Challenges to deep-seated convictions can come from unexpected quarters.
So it was with an account by Thérèse Awada, a Strasbourg plastic surgeon, of a medical assistance mission she accompanied to Benin.
|Beware, beware, the Bight of Benin,|
Where few come out though many go in
And it's a testing ground for strongly held convictions too
As they started their last day’s surgery, a young boy was brought in. He had a strangulated hernia, a potentially life-threatening condition. The team decided to rearrange their schedule for the day and operate on the child immediately, even though the supplies they would use meant possibly jeopardising their ability to carry out planned surgery on an old man’s lipoma in the afternoon.
I would have absolutely no quarrel with this decision and I’m sure most of us in the West would feel the same. A life-threatening condition has priority over a matter of discomfort; a child has priority over an adult. It seems absolutely self-evident. And there’s nothing casual about my use of the word ‘absolutely’: this is the kind of principle that my feelings tell me is absolute, if any is.
Well, nothing could be further from the truth. Even though in the event the old man had his surgery, the villagers were appalled by the team’s decision. So much so that they expressed their dissatisfaction firstly in expostulation, secondly by letting the team wait half the next day before agreeing to take them back to the river.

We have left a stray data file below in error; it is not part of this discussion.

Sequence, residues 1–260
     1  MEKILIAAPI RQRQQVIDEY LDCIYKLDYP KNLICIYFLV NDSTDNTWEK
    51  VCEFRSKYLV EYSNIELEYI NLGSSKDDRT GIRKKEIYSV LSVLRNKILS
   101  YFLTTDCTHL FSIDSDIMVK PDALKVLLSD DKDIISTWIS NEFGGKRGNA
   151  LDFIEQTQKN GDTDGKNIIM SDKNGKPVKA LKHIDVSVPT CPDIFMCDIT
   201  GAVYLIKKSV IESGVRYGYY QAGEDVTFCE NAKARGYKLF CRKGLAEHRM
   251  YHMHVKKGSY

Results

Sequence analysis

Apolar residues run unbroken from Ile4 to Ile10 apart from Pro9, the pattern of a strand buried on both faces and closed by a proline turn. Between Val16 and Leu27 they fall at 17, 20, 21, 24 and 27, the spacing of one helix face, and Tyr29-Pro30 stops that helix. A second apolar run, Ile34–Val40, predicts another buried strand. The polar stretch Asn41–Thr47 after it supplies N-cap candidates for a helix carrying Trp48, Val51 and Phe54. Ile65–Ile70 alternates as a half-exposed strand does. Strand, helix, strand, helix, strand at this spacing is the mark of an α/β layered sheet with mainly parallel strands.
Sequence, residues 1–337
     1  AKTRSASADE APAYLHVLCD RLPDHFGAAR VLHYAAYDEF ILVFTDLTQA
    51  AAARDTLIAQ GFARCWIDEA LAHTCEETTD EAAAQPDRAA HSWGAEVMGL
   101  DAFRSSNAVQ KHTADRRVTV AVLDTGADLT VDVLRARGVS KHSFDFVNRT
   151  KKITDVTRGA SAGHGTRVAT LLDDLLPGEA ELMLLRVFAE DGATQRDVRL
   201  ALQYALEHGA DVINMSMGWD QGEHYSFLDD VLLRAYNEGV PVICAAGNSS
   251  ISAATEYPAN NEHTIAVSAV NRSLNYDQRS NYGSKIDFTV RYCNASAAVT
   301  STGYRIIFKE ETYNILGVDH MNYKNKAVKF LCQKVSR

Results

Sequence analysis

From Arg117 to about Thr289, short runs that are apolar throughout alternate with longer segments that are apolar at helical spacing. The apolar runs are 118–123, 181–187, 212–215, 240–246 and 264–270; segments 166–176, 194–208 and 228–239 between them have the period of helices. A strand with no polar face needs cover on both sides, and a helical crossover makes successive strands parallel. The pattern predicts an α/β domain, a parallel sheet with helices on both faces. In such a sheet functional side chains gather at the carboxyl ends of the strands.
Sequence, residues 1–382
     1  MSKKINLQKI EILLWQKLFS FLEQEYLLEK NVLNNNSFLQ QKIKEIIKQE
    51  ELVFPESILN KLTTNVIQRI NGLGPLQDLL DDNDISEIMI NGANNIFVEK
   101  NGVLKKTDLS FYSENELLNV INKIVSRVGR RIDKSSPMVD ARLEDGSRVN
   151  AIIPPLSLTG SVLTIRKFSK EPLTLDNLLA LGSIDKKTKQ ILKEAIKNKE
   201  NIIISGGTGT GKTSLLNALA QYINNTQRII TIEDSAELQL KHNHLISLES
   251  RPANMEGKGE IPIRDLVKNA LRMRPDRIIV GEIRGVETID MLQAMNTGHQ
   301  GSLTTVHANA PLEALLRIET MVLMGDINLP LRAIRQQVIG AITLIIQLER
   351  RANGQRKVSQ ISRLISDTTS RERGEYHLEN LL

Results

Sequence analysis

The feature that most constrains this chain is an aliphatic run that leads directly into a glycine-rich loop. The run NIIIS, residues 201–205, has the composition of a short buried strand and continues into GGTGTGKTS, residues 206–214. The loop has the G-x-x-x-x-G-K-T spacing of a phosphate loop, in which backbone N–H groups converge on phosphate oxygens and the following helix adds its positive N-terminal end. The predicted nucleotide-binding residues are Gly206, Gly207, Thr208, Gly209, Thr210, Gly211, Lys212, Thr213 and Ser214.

What was their complaint? Well, where in the West we see the old as reminders of decline and mortality, to them an old man is someone who has got through all that life can hurl at him. He is an exceptional figure, and he is the keeper of the community’s memories, its wisdom, its knowledge of how things should be done because this is how he learned from his predecessors they had always been done.
That made the old man far more precious than the boy. Running the risk of not being able to help him, in order to treat the child, was a horrifying reversal of the natural order of things. I’m sure, if asked, they would have used the same language as I did before: they would have found the truth of their view absolutely self-evident.
Now Awada makes it clear that she and the rest of the team, faced with the same circumstances, would take the same decision, and I agree with them. But the villagers would feel just as strongly about their own convictions. And, to be honest, in their terms their position is not without merit.
So what’s the lesson? It’s surely another powerful response to those who would have us believe that there is, out there, something that is true in some absolute sense. Pronounced by a god, written in scripture, carved on a tablet. Whereas in reality there are only a culture’s shared convictions. Strongly, powerfully felt, perhaps. But always open to question by someone else, whose own convictions are as strong as ours.
With no possible grounds for deciding that one set is right, the other wrong.